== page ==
By Lee C. Chipongian

The Bangko Sentral ng Pilipinas (BSP) will produce the country’s national identification (ID) card in a direct government-to-government (G2G) deal with the Philippine Statistics Authority (PSA), according to the BSP chief.

centralbank with logo and diokno  - Diokno confirms BSP will print the national ID

MB file

BSP Governor Benjamin E. Diokno said the decision for the BSP’s printing of the national ID has been approved by the Monetary Board which he chairs.

“BSP’s role is to print the ID,” said Diokno.

He also said the PSA is solely in charge of the information contained in the national ID.

“The primary responsibility for administering the national ID system including the gathering of basic information rests with PSA. This arrangement will facilitate project implementation since it will be a G2G contract,” he said.

While in Bangkok, Thailand last week for a financial technology (fintech)-focus regional discussion, Diokno in his presentation said the BSP is now in the initial stages of implementing the Philippine Identification System or PhilSys.

He said the national ID will “provide Filipinos – especially the currently unserved – means to establish a verifiable digital identity which will enable them to open bank accounts, use financial services more efficiently, and gainfully participate in an increasingly digital economy.”

The government has a P2-3 billion budget for the PhilSys.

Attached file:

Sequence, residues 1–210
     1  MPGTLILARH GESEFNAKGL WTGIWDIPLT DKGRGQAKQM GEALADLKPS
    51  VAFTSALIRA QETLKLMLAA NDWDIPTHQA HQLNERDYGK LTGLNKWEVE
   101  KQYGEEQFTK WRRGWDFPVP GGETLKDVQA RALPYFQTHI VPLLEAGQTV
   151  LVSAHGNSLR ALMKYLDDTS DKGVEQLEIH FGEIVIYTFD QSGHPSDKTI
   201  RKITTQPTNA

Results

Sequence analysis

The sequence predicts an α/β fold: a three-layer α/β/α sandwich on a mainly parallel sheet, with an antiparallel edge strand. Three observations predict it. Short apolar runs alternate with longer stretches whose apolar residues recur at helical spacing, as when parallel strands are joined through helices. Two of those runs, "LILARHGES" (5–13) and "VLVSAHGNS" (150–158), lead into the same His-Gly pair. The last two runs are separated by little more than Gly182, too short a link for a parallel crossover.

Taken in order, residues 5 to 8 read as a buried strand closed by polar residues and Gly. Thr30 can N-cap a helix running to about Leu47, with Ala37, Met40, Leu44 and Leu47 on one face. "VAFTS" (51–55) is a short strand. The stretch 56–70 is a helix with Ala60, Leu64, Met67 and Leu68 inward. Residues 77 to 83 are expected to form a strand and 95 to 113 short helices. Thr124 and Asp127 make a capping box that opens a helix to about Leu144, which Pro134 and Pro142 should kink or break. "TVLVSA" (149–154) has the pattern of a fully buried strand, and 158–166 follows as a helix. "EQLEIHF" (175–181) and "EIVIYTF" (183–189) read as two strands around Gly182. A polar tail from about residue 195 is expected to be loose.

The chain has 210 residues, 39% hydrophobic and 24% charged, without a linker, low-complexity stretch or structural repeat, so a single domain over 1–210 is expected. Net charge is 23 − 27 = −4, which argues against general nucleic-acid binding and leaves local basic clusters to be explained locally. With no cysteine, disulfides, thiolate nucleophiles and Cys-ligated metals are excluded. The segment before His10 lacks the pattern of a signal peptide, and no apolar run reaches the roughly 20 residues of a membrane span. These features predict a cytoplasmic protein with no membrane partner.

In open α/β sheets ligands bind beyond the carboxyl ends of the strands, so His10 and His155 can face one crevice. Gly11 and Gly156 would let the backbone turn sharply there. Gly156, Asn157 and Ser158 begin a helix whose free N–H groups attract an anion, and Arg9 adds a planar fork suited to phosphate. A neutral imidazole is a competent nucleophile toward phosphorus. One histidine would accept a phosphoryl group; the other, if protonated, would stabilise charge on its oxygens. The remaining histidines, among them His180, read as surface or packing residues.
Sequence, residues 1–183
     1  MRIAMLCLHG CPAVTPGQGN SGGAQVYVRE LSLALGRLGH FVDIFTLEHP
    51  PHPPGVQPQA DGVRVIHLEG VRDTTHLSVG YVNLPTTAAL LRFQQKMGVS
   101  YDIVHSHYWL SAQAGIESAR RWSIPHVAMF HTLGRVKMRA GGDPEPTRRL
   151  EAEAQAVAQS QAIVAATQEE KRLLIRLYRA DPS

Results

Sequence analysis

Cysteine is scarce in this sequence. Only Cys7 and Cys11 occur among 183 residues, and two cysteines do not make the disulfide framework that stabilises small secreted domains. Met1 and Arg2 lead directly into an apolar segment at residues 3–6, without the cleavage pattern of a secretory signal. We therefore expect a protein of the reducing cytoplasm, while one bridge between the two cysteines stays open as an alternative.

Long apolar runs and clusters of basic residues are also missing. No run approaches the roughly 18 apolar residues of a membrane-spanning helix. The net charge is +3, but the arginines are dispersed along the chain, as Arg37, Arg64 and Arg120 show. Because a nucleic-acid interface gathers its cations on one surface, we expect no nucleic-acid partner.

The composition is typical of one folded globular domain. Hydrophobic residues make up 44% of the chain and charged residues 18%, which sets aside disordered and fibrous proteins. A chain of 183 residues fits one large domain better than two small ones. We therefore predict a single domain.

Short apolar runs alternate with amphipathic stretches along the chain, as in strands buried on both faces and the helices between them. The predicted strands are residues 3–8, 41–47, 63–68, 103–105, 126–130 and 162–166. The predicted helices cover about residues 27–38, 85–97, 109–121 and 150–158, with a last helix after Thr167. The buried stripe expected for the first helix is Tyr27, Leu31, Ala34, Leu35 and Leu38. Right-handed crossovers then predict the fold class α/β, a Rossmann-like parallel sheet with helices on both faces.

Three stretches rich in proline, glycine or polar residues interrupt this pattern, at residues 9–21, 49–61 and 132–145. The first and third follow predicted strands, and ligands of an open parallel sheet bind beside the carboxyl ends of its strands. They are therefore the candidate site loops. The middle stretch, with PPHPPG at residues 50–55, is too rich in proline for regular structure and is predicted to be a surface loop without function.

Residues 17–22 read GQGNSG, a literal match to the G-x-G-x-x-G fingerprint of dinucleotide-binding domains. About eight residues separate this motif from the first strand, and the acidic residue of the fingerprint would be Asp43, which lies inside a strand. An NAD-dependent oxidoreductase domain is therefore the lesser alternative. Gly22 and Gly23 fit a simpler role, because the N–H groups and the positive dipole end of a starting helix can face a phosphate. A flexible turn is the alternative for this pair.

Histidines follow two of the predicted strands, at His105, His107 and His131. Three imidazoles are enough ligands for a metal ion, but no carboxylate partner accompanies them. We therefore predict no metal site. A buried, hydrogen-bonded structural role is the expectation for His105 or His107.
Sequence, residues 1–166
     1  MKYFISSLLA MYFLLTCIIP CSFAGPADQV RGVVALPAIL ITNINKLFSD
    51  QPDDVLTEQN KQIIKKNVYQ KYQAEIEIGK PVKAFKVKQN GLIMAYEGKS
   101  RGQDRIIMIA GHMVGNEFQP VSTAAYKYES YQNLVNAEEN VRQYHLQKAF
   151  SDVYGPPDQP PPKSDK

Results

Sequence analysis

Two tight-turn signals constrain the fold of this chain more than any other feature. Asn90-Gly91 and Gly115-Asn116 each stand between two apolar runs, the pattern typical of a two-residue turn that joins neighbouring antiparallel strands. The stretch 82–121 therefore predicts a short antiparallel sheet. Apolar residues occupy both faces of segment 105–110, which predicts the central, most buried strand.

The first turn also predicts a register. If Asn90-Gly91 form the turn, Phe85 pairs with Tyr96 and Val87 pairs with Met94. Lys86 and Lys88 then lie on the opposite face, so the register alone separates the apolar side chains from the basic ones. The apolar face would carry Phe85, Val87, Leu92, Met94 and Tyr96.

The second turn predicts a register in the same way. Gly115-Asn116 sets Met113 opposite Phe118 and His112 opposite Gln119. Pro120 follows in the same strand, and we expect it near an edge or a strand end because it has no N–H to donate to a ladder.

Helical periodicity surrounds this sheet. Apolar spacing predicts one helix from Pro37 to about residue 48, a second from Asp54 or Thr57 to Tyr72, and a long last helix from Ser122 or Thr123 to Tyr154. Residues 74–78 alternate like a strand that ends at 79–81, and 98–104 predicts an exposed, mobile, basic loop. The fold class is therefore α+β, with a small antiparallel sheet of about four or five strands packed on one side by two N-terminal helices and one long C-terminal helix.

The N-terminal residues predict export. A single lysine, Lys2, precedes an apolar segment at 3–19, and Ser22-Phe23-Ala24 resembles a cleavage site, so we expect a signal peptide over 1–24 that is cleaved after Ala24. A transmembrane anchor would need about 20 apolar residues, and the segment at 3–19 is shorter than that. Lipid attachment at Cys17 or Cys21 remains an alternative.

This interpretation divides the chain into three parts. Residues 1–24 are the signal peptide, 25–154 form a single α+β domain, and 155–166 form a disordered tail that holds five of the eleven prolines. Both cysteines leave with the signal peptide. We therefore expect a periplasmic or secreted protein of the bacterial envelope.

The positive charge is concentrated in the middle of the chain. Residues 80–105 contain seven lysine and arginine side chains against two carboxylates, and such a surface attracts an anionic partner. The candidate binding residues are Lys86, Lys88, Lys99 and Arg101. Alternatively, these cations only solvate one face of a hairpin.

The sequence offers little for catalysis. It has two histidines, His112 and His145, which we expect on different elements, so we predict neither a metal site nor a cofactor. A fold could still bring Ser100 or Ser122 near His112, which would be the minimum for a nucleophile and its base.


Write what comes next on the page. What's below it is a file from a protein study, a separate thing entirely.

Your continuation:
Malacañang has already announced that a pilot run will be implemented by September or October this year.

President Duterte signed the PhilSys Act or the national ID system law in mid-2018, with a view of registering 107 million IDs by the end of his term in 2022.

The BSP’s commitment to print the national ID is one of four ongoing infrastructure initiatives for the central bank.

The BSP is in-charge of the National Retail Payment System (NRPS), the implementation of the National Payment Systems Act, and the newly amended BSP Charter.

“The BSP is undertaking major infrastructure initiatives, mostly driven by national programs and recent issuance of landmark legal frameworks,” said Diokno in his speech before the Bali Fintech Agenda.

The NRPS is a BSP flagship program for a “safe, efficient, reliable, affordable and inclusive retail payment system” and it will promote a “cash-lite” economy.

The National Payment Systems Act which was made into a law also in 2018, gives the BSP powers and authority over the national payment systems in the Philippines.

“As payment is considered the first and most used financial service, its availability, accessibility, affordability, and security are crucial in building an inclusive financial system,” said Diokno. “Regular and continuing use of digital payments, especially by the unbanked, can unlock access to other forms of financial services.”

Another milestone for the BSP is its amended BSP Charter which was approved last February as Republic Act No. 11211, or An Act Amending Republic Act No. 7653, otherwise known as the New Central Bank Act.

The expanded BSP law allows it more power to ensure its corporate viability and “enhanced capabilities for proactive policy making.”

Under the new law, money service businesses, credit granting businesses and payment system operators are now officially supervised by the BSP.

Since the BSP will now take part in the national ID implementation, the BSP’s role in promoting a verifiable digital ID for digitalized economy seems ensured.

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